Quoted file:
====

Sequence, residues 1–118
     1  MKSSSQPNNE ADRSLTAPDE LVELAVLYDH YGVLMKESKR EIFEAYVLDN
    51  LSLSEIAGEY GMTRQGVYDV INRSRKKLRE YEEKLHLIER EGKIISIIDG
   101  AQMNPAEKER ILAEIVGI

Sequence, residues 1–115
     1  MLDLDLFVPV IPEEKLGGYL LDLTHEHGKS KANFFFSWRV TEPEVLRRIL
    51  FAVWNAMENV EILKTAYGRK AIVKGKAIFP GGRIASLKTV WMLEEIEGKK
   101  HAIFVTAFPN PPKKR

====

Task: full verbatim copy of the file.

Sequence, residues 1–118
     1  MKSSSQPNNE ADRSLTAPDE LVELAVLYDH YGVLMKESKR EIFEAYVLDN
    51  LSLSEIAGEY GMTRQGVYDV INRSRKKLRE YEEKLHLIER EGKIISIIDG
   101  AQMNPAEKER ILAEIVGI

Sequence, residues 1–115
     1  MLDLDLFVPV IPEEKLGGYL LDLTHEHGKS KANFFFSWRV TEPEVLRRIL
    51  FAVWNAMENV EILKTAYGRK AIVKGKAIFP GGRIASLKTV WMLEEIEGKK
   101  HAIFVTAFPN PPKKR